Google Project Tango hands-on: 3D mapping with phones

Mar 25, 2014
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Google Project Tango hands-on: 3D mapping with phones

Google loves smartphones, but with Project Tango it’s hoping to make them even smarter and more aware. The handiwork of Google’s skunkworks Advanced Technology and Projects Group, it explores what happens when you add high-resolution 3D mapping sensors to an Android device, and what the potential is for gaming and more. We caught up with Johnny Lee, technical program lead at Google, to find out more about the project and get some hands-on time with the prototype device.

The Project Tango team build its first prototype in late Q2 2013, a 7-inch Android tablet effectively sandwiching the mainboard between two slices of acrylic, and then fitted out with automotive-spec sensors. On the front there was a fisheye camera, while on the back was a high-resolution main camera - similar to what you might find on a regular tablet - together with a motion-tracking camera with a fish-eye lens, and a depth sensor.

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That was replaced more recently by the second-gen prototype, the same 5-inch Project Tango smartphone we saw in Google’s video back in February. Despite looking a little like an oversized Sony from a few years back, it’s actually custom-made for Google, Lee told us, rather than a modified off-the-shelf device.

Lee wouldn’t confirm exactly how many are out in the wild - Google in February said roughly 200 handsets had been seeded to developers - though did say that he wished there were more as demand has been strong. Despite being considerably smaller than the tablet, the Android smartphone actually contains all the same sensors along with a couple of extra vision-processing chips.

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Those senses mimic how the human eye works, both giving broad peripheral vision and a more detailed, central section of foveal vision. The depth sensor actually cycles on and off during use, to help reduce battery consumption and processing load, though Lee said Google is still assessing different depth-sensing technologies.

Those sensing abilities actually get better over time. Although Project Tango is designed to do real-time mapping, if given a little room for some post-processing the results get even more accurate.

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Google isn’t talking about how much each handset has cost it, but Lee does refer to it as a consumer-level device. Compared to a GPS signal, after mapping two floors separated by a five-story staircase, Project Tango’s computer vision-only mapping was just 1-percent out. The device’s depth sensor was only 0.6-percent out compared to a professional laser scanner.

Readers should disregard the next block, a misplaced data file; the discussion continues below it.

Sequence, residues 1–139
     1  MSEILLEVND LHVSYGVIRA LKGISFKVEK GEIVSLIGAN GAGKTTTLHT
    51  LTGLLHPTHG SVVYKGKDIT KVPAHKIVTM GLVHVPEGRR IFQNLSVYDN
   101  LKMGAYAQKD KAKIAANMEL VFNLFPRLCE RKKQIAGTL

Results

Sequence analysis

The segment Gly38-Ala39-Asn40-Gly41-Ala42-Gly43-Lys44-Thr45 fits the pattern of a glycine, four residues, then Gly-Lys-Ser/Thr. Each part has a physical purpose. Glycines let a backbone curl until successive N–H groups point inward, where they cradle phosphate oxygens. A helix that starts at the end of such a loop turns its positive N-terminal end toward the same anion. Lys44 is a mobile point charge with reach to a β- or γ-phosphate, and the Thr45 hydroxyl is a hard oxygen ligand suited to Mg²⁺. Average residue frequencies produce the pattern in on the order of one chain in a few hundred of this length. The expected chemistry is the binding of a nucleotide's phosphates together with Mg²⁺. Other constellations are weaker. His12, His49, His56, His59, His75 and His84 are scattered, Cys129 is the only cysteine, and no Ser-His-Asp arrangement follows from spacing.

That’s all well and good, but what Project Tango needs is a “killer app” to show people why they want these sort of high-fidelity depth sensors on their device. The ATAP team aren’t game designers, Lee pointed out, but has cooked up a few game-style demos to show some of the possibilities. In one, you help an on-screen character explore a fantasy land that’s constrained within the limits of the physical space you’re in, first kneeling down to introduce yourself to your short companion, and then walking around with them as they navigate.

Another demo shows how Project Tango can make virtual environment assumptions based on your actual surroundings. Panning the handset around plants “digital grass” on the floor, but not on walls or any other objects. That way, Lee points out, developers could rely on Tango’s inherent smarts to automatically define the spaces that gamers are in.

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The research is only around a year old - the ATAP division as a whole was started up as part of Motorola Mobility after the Google acquisition, and then shifted within Google after the phone business was sold off to Lenovo - and there’s still some way to go before it’s ready for an Android device in your pocket. Still, as new phones like the HTC One M8 demonstrate, there’s already real-world experimentation going on with different kinds of data such as depth, even if the fidelity isn’t to the same accuracy as Google’s custom handsets can achieve.

One thing is clear, though: our smartphones are already smart enough to do the raw crunching, they just need the sensors and software. "The compute is here," Lee pointed out. "Project Tango is an attempt to pull forward the stage of sensing hardware and software on mobile."


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